While this was another slow week in terms of volume, this was a banner week in terms of anticipated releases for me. Let's get right to it:
The Civil Wars - The Civil Wars: This could probably be considered the most anticipated album of the summer period. The internal strife between the duo is not only well-known, but has become a selling point for the album, and the themes of loss and regret and sadness are obvious throughout. "The One That Got Away," the lead single, is probably a solid example of both the mood and the breadth of what's going on in this effort. I hope that, whatever it is driving the duo apart, things get sorted out, both on a human level and on a musical one, as this is a very solid piece of music from start to finish, meeting what are incredibly high expectations.
The Polyphonic Spree - Yes, It's True: It's been a pretty long time since we heard from The Polyphonic Spree, and even then, they were more than a little all over the place in terms of quality and musical excitement. I loved their cover of "Lithium," but it's been a while since I've really liked what they've been doing. Is Yes, It's True a return to form? I don't know if I can say that, but I can say that it's the first time in a long time that their music has evoked similar feelings to what their debut album did. There's nothing immediate the way "Soldier Girl" or "Reach for the Sun" were, but it's a really interesting effort that will likely stay in rotation for me for a while.
Amanda Shires - Down Fell the Doves: Amanda Shires, especially with her two previous albums, became someone I really enjoyed. It's folksy and rootsy while still having some more popular sensibilities. Down Fell the Doves, in a way, is a departure from what I've come to love about Shires, and, while I'm not saying that's a bad thing, I'm not 100% ready to declare it a good one, either. It's definitely a more complicated record, and it's more evocative of her earlier album Being Brave, but with more maturity. I only learned recently that she was involved in Jason Isbell's 400 unit, and is married to Isbell, and it's hard not to hear his influence here and there, but that might more be my own biases seeping in than anything else. Definitely an interesting album, but I'm not sold on it just yet.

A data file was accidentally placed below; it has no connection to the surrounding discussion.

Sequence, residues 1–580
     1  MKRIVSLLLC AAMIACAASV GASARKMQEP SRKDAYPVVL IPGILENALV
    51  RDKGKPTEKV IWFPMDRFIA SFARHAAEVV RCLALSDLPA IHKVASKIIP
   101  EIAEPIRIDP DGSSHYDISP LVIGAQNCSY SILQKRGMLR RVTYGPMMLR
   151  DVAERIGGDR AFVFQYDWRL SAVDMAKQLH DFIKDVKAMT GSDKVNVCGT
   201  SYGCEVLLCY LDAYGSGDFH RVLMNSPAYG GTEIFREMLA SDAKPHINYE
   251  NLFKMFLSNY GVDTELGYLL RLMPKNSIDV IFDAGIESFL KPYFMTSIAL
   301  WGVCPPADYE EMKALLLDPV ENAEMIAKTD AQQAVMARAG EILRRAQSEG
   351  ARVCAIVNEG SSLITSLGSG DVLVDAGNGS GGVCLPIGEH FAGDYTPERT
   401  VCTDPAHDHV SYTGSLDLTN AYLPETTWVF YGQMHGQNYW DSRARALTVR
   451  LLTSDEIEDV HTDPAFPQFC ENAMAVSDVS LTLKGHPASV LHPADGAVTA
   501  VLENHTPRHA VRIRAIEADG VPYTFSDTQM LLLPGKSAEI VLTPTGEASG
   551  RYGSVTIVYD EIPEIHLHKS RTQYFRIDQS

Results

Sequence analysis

Chris Thile - Bach: Sonatas and Partitas, Volume 1: I initially went to college as a music major, so I heard a lot of Bach. Never heard it on a mandolin, though. Chris Thile of Nickel Creek and Punch Brothers, however, has chosen to do a recording of Bach pieces arranged for mandolin, and it's interesting. Certainly inspired in part by the Goat Rodeo Sessions he did with Yo-Yo Ma, this is an interesting curiosity made more interesting because of Thile's overall history and interest in pushing the boundaries of bluegrass instruments. While I don't picture this as something I will pull out and listen to on a regular basis, it's certainly an interesting work that deserves a listen just to see how he pulls it off. It's quite beautiful in a number of ways.
Annie - The A&R EP: I have a huge soft spot for European pop music, and while most of the people I know who share it tend to go for Robyn, I'll take Annie any day of the week. Her two albums are nearly perfect, I must have listened to "Chewing Gum" on repeat for ages, and her "comeback" EP is out. Co-produced by Richard X, it's a really straightforward electronic music EP, which feels new and fresh while not succumbing to the dubstep trends currently infecting dance floors all over. It's not for everybody, but if her ode to Ralph Macchio doesn't do it for you, I'd question your soul.
Other releases of interest:
* Explosions in the Sky & David Wingo - Prince Avalance Original Soundtrack